Port Tracker report is optimistic about import volumes in coming months

By Jeff Berman, Group News Editor
July 11, 2012 - LM Editorial

The near-term outlook for import cargo volume at U.S.-based retail container ports appears to be solid, according to the most recent edition of the Port Tracker report by the National Retail Federation (NRF) and Hackett Associates.

The report is calling for July import cargo volume to increase 1.6 percent annually, with modest annual gains expected in subsequent months into the holiday shipping cycle. The ports surveyed in the report include: Los Angeles/Long Beach, Oakland, Tacoma, Seattle, Houston, New York/New Jersey, Hampton Roads, Charleston, and Savannah, as well as the new addition of Miami in this report.

In recent editions of the report, Port Tracker stated that the first half of 2012 would total 7.3 million TEU (Twenty-foot Equivalent Units), but this report said that the first half topped that at 7.5 million TEU, which was up 2.6 percent annually. The 2011 total was 14.8 million TEU, which was up 0.4 percent over 14.75 million TEU in 2010. Volume in 2010 was up 16 percent compared to a dismal 2009. The 12.7 million TEU shipped in 2009 was the lowest annual tally since 2003. According to NRF estimates, retail sales are expected to increase by 3.4 percent to $2.53 trillion.

“Whether consumers are going to have the confidence to spend during the next few months depends on what happens with employment, but retailers are being cautiously optimistic,” said NRF Vice President for Supply Chain and Customs Policy Jonathan Gold in a statement. “Sales can fluctuate from month to month, but these import numbers show that retailers are still expecting this year to be better than last year.”

In May, the most recent month for which data is available, U.S. ports featured in the report handled 1.34 million Twenty-foot Equivalent Units TEU, which is up 4.1 percent over April and up 2.3 percent over May 2011.

Port Tracker is calling for June to reach 1.34 million TEU for a 4.7 percent annual gain, with July expected to hit 1.38 million TEU, which would be up 1.6 percent. August is expected to be up 6.2 percent at 1.44 million TEU, and September is projected to see a 6.8 percent gain at 1.45 million TEU. October and November are expected to see 12.6 percent and 1.3 percent gains at 1.47 million TEU and 1.3 million TEU, respectively.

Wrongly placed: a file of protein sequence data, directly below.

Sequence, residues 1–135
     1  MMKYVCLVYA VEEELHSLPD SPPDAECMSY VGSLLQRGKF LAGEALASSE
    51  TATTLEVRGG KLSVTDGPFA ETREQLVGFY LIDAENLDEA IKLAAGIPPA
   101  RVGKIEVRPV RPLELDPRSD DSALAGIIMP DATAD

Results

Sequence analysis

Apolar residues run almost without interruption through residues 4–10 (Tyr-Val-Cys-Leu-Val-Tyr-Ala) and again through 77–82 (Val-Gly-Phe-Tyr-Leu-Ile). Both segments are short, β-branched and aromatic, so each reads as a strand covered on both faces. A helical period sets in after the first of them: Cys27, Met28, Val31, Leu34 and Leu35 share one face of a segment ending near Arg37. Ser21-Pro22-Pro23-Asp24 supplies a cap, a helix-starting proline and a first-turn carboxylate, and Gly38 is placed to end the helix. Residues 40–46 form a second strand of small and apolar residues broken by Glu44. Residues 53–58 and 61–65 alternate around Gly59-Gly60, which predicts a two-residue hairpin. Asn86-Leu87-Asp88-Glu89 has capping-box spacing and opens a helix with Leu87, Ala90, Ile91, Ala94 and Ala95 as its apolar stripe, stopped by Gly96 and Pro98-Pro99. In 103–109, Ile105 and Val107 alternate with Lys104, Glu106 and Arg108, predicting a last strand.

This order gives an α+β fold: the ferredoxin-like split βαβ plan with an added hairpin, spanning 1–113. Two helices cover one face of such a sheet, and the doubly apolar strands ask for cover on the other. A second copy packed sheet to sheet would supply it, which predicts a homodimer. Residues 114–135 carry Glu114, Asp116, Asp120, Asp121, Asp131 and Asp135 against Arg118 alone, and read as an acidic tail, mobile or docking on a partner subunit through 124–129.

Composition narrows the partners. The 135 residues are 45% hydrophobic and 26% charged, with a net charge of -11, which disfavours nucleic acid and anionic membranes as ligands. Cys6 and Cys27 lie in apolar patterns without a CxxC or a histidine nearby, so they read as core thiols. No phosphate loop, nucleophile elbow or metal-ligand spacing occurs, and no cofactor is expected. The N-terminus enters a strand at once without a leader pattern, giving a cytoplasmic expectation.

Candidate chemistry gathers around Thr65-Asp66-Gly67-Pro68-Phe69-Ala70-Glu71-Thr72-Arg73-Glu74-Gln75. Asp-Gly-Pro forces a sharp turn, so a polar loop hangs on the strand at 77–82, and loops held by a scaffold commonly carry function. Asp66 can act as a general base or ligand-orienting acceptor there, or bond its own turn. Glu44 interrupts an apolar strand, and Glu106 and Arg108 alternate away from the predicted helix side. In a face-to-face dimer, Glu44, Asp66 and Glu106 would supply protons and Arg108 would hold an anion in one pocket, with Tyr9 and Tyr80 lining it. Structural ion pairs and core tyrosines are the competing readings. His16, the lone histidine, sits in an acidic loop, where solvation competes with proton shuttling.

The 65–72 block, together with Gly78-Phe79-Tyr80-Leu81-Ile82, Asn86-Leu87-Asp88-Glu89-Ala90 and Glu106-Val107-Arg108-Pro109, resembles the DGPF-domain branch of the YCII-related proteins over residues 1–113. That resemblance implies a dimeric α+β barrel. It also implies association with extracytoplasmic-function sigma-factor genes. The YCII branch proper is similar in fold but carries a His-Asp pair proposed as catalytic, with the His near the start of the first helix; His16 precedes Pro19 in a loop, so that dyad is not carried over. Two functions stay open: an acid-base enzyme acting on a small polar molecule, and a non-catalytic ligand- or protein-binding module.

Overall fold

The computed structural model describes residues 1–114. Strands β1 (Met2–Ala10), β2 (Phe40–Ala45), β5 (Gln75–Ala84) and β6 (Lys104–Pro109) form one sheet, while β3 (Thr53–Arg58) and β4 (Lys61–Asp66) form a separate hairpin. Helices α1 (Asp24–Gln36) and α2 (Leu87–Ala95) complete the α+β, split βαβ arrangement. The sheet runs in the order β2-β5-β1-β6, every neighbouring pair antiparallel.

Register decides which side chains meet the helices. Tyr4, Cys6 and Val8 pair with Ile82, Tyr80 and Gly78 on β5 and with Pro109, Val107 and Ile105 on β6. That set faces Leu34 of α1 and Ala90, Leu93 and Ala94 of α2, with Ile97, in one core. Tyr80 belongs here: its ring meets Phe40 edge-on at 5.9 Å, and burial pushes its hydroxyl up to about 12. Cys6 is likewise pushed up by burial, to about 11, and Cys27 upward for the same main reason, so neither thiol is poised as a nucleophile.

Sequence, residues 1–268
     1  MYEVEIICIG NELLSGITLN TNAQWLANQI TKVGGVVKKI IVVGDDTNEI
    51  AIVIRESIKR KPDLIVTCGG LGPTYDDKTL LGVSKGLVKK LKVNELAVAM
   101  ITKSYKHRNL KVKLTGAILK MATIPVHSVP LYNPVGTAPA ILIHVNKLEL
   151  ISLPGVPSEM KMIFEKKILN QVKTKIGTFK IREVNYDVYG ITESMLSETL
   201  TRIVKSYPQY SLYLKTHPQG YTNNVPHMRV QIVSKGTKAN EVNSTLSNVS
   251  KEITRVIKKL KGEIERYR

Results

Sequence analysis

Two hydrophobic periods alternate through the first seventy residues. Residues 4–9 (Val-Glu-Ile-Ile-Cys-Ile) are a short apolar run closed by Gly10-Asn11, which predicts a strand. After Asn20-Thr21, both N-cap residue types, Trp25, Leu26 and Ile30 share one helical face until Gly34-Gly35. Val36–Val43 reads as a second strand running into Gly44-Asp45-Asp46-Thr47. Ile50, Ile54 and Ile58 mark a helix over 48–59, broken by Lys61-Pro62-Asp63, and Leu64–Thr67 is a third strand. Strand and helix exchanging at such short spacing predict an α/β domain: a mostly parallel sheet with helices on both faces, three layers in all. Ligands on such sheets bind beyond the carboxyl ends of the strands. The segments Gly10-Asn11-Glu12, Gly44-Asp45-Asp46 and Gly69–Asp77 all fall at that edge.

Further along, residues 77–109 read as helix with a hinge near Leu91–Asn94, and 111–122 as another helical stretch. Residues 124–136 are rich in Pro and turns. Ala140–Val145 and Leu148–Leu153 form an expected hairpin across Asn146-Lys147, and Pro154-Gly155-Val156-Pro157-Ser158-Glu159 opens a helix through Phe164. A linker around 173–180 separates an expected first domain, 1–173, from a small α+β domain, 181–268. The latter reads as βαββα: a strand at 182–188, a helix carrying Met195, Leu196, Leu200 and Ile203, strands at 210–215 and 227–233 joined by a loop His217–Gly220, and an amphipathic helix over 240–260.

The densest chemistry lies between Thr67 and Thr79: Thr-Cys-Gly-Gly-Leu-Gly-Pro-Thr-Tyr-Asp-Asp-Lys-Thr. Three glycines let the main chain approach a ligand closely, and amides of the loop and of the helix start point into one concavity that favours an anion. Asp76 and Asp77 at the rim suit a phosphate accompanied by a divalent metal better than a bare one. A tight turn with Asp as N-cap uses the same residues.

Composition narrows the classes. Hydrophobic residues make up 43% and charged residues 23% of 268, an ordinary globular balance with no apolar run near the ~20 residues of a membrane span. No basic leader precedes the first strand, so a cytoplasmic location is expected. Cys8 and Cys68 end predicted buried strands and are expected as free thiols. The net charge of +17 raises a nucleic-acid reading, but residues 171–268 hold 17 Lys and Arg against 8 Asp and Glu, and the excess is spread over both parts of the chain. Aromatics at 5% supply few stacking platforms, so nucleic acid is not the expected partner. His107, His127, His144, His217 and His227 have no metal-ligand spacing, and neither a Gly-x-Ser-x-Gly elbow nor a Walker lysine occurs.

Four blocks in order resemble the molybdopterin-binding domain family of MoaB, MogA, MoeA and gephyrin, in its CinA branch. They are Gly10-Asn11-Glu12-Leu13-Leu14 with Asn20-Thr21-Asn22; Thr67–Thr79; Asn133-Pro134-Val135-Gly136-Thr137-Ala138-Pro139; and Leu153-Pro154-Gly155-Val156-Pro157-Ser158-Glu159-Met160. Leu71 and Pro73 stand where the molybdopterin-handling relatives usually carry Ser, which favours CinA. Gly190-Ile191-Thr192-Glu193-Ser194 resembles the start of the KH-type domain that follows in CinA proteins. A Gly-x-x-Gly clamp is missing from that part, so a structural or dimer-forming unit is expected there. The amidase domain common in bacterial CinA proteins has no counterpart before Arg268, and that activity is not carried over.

At a time when mixed economic signals prevail and many economists are skeptical about the strength of the economy, Hackett Associates President Ben Hackett said that his firm remains optimistic that consumers will remain active.

“We think June will be up nearly up 5 percent annually, and we think most of that will be driven still-low inventories,” he said in an interview. “Any requirements for orders for back-to-school season in August and the beginning of holiday shopping in November will result in increased volumes. New housing starts are also continuing to grow and are still positive. We think things are not as bad as perhaps some economists and commentators are making them out to be.”

While growth is expected through the rest of the year, Hackett said an abundance of ocean capacity still remains. This situation, he said, is likely to put pressure on pricing, which has fluctuated to a fair degree.



About the Author

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Jeff Berman
Group News Editor

Jeff Berman is Group News Editor for Logistics Management, Modern Materials Handling, and Supply Chain Management Review. Jeff works and lives in Cape Elizabeth, Maine, where he covers all aspects of the supply chain, logistics, freight transportation, and materials handling sectors on a daily basis. .(JavaScript must be enabled to view this email address).


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About the Author

Jeff Berman, News Editor
Jeff Berman is Group News Editor for Logistics Management, Modern Materials Handling, and Supply Chain Management Review. Jeff works and lives in Cape Elizabeth, Maine, where he covers all aspects of the supply chain, logistics, freight transportation, and materials handling sectors on a daily basis. Contact Jeff Berman.

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